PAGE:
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Discussion Starter · #1 ·
You have completed your A1 or still attending the mandatory A1 classes -- I would just love to know your experience.

I have been assigned 200 hours of obligatoire A1 Formation Linguistique which will start next month (July 2022, Creteil). I was told my teacher wouldn't speak English, which I was disappointed but understandable! (I think my department doesn't have enough bilingual teachers.)

I have a friend who I met through Formation Civique, she's going to Creteil for French classes (but in a different building) and she doesn't really like her classes nor does she like her Teacher. She told me that sometimes when students ask her to translate something into English - she snaps at them. I would like to think, it's just this one teacher and I can't get anxious over just one student's experience.

Hope you have a great day/night! Please do comment below on your experience~
Merci!
 

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I don't think expérience of this, but the OFii teachers are qualified to teach French as a foreign language because they have to teach people from many language backgrounds. You should not expect them to give some kind of preference to native English speakers, which would be discriminatory. If you don't understand something, you either need to try to express that in French or by some other means such as clear body language.
 

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Discussion Starter · #3 ·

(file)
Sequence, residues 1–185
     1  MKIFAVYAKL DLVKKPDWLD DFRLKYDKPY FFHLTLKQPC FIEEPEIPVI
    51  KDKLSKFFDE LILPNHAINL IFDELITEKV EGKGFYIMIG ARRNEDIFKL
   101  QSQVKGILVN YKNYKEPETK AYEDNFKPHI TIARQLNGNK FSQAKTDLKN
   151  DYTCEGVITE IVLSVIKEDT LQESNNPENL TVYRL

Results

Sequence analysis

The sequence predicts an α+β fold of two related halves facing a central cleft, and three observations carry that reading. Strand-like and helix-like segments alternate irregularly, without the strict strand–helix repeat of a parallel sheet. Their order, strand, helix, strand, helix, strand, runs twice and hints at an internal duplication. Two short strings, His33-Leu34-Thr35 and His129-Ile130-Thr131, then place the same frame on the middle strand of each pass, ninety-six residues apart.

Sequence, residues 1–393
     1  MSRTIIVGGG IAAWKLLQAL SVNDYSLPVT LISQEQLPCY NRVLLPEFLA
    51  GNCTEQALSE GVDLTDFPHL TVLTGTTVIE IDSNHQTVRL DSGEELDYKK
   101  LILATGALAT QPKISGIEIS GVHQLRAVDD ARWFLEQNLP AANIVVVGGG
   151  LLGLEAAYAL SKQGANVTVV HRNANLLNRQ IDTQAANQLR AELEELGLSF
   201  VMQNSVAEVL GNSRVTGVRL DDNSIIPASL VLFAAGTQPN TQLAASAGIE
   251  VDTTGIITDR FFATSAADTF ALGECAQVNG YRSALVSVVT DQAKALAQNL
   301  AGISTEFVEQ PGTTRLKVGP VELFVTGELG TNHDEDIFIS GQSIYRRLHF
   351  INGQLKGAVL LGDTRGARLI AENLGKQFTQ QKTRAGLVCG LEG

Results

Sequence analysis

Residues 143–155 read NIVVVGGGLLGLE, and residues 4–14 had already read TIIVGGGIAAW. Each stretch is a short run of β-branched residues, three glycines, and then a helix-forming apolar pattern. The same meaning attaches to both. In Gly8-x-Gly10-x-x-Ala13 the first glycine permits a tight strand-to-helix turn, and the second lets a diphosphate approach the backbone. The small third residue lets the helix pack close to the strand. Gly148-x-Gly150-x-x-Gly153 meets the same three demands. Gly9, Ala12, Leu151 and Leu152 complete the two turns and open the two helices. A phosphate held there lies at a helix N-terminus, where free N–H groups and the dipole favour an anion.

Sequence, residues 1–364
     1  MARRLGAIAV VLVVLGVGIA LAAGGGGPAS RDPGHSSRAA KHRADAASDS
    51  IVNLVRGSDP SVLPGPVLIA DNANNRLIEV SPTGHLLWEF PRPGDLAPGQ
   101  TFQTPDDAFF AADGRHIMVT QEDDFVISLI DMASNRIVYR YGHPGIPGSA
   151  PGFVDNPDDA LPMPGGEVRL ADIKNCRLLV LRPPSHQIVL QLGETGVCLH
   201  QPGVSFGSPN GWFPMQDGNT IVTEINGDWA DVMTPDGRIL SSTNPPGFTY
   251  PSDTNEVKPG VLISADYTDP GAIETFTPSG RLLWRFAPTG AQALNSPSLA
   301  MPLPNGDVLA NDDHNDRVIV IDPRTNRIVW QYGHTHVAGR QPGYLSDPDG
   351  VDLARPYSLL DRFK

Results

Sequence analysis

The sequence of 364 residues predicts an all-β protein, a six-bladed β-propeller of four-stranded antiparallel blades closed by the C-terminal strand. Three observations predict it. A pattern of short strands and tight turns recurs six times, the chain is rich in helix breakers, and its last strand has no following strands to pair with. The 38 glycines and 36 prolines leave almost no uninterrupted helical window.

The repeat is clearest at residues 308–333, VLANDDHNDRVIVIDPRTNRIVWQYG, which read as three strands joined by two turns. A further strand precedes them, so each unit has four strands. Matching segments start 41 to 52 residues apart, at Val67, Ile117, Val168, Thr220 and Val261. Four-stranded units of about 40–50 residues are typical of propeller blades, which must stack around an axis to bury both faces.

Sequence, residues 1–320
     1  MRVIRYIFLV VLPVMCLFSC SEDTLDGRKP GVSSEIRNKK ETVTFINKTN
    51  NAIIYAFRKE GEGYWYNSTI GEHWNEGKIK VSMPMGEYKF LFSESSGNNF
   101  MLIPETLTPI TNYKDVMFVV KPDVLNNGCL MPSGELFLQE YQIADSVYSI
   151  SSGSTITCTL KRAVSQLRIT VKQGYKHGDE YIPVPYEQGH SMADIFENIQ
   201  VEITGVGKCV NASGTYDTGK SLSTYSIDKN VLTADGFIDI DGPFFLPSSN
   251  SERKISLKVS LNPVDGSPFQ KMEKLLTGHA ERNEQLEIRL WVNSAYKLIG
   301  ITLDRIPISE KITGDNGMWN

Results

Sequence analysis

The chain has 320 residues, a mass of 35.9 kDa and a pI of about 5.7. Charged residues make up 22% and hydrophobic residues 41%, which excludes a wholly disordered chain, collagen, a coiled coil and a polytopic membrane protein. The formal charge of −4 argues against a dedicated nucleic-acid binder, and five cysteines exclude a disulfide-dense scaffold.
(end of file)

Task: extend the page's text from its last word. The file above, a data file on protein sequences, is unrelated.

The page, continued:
disappointed but understandable
Yes! which is why I mentioned that it was completely understandable - I am currently privately learning French and the teacher doesn't speak any English - in fact, this in a way helps me to push myself to better understand French!
But alas, not everyone sees it that way, and now in my friend's class, no one dares to speak up if they have doubts, which is really sad since, in the end, they do have to pass a test to renew their visas.
I am still hopeful & hope I get better with the classes!
 

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Perhaps your friend should consider topping up the OFii classes with something else. There are all sorts of things available online and a recent thread on this forum about learning French onl9. Some of the online stuff is free. But really the requirements to pass A1 French are very low, so low as to mean with a little effort pretty much everyone should be successful after all those hours with the OFii program. Which is not to say that a few people will have difficulty for a variety of reasons, including stressing about it. Still, in most instances if they attend all of the classes they will get a second chance during the following year.

Sadly it seems your friend has impacted many others in his/her class.
 

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The other thing to note is that, of course, you are relying on your friend's word. But none of us is in your friend's class, and that includes you. I would say your friend is having problems, but I can only speculate about why.

Still, the classes are free, which may not be the case in the second year, and it is well worth making the effort. Not everyone coming to France as an expat has access to these free classes, and even where they are not required for certain categories of expats, those people have to get by as best they can
 

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Discussion Starter · #6 ·
The other thing to note is that, of course, you are relying on your friend's word. But none of us is in your friend's class, and that includes you. I would say your friend is having problems, but I can only speculate about why.

Still, the classes are free, which may not be the case in the second year, and it is well worth making the effort. Not everyone coming to France as an expat has access to these free classes, and even where they are not required for certain categories of expats, those people have to get by as best they can